The first church on the traditional site was built in the fourth century. A landslide from the nearby hill damaged it, and over its ruins another church was built in the sixth century. The present church, dedicated in 1982, is reproduction of the mid-C5 edifice, which an inscription attributes to the patriarch Martyrios (478-486).
One of the most beautiful mosaic floors in the country belong to the Byzantine church. The mosaics cover the two transepts and the intervals between the pillars. The pattern is a free flowing Tabghadesign of birds and plants. The prominence of the lotus flower (not found in this area) betrays the influence of the Nilotic landscapes popular in Hellenistic and Roman art.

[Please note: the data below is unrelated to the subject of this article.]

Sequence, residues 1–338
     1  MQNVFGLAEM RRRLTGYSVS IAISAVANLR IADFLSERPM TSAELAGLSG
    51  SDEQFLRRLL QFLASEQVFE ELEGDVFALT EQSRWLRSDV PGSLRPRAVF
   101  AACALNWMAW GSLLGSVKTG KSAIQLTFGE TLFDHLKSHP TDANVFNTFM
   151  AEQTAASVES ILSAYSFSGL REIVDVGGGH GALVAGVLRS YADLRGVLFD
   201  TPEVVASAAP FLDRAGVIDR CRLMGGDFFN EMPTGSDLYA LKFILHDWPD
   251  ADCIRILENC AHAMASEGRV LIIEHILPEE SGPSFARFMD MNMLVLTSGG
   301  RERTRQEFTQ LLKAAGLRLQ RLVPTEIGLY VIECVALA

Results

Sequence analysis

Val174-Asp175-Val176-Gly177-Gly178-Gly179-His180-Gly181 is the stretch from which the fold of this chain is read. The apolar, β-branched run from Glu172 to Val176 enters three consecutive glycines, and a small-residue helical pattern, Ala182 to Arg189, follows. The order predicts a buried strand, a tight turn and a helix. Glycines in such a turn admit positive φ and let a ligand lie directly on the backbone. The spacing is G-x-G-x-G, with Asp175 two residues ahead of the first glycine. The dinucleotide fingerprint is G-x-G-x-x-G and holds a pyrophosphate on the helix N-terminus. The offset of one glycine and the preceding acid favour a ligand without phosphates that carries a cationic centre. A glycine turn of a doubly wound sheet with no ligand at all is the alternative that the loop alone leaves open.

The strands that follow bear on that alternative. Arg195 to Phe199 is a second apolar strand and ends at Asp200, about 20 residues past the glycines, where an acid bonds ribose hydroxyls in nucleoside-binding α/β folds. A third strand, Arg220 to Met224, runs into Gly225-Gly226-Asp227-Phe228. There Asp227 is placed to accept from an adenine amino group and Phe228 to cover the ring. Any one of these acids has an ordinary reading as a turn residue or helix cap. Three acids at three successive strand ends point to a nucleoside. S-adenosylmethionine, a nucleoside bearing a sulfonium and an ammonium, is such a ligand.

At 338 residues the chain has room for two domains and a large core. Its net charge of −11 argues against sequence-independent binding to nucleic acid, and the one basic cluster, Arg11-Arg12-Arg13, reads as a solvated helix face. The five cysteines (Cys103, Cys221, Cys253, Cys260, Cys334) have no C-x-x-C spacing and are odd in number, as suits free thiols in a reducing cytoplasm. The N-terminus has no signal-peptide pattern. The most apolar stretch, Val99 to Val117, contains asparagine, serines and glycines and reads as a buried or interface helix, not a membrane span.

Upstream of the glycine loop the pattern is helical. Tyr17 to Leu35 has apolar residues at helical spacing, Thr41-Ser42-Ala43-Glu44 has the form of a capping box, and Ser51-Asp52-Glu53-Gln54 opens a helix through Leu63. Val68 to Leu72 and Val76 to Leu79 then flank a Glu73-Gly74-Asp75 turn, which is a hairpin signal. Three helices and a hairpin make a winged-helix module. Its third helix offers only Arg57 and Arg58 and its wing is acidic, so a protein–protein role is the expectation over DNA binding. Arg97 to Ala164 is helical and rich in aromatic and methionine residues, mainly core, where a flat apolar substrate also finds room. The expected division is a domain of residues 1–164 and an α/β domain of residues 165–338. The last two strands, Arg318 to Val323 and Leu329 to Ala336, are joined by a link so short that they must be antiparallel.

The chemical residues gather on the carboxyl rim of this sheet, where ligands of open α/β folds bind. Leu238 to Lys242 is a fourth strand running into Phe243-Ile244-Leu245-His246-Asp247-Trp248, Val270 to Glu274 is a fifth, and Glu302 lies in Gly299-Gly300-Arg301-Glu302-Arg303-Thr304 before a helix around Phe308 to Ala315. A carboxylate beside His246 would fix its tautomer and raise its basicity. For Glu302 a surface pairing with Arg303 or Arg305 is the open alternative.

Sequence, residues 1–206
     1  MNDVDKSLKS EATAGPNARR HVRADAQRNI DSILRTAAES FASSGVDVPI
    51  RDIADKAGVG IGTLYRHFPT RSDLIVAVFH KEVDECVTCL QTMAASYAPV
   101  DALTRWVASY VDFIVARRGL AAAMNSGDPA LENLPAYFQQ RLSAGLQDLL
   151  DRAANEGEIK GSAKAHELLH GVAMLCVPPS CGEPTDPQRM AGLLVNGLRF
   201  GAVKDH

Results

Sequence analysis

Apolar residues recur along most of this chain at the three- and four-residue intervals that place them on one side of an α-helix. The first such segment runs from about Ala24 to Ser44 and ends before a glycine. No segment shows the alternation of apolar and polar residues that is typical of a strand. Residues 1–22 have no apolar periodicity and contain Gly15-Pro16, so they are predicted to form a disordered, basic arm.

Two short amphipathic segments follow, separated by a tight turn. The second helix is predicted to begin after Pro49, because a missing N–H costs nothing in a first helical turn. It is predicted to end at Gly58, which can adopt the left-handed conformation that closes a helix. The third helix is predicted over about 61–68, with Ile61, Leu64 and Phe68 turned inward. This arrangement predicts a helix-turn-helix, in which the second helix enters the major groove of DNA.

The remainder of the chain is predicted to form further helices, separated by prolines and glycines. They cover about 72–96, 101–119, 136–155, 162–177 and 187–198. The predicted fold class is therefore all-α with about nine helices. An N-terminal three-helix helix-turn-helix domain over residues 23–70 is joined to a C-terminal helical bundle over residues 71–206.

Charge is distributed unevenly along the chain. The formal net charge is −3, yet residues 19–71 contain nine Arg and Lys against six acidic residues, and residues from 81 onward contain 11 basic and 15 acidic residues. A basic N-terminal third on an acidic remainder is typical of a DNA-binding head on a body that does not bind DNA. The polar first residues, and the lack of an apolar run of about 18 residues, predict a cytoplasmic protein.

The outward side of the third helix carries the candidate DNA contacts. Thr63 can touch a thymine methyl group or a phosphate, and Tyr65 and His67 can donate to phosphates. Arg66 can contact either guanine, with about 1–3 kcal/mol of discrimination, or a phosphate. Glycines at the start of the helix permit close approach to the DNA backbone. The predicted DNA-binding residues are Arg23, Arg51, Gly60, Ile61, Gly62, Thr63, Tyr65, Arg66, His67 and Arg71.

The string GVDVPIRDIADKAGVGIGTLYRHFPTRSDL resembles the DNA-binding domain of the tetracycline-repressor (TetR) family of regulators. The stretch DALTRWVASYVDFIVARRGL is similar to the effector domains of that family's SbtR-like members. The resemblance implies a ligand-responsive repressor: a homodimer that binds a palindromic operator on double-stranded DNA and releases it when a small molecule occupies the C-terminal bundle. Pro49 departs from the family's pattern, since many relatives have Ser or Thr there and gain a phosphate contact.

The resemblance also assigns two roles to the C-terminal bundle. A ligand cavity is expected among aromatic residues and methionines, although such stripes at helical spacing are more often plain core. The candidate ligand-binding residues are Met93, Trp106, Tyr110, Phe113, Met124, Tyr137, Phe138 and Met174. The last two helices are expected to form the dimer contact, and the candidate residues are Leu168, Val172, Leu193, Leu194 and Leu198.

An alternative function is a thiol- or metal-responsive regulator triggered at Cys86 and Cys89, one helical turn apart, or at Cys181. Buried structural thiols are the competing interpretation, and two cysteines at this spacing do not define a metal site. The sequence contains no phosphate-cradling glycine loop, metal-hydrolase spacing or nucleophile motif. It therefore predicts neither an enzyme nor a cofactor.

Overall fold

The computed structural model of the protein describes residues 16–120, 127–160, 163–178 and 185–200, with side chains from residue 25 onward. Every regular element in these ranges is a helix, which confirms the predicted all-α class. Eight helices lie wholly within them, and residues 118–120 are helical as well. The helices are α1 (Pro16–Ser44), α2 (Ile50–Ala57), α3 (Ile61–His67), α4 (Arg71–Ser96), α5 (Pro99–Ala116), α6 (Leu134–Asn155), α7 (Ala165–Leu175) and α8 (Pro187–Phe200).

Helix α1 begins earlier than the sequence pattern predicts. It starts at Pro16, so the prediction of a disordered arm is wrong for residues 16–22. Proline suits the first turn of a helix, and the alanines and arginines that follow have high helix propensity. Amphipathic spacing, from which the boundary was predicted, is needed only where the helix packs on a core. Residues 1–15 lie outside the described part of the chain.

The round tower in the right transept is to measure the water level in the lake; the Greek letters are the numbers 6 to 10. Near the altar the mosaic floor depicts a breadbasket flanked by two fish. Below the altar table is a block of undressed limestone, it is said to be the rock on which Jesus put the loaves and fish. The church belongs to the Order of the Benedictines and is open to visitors.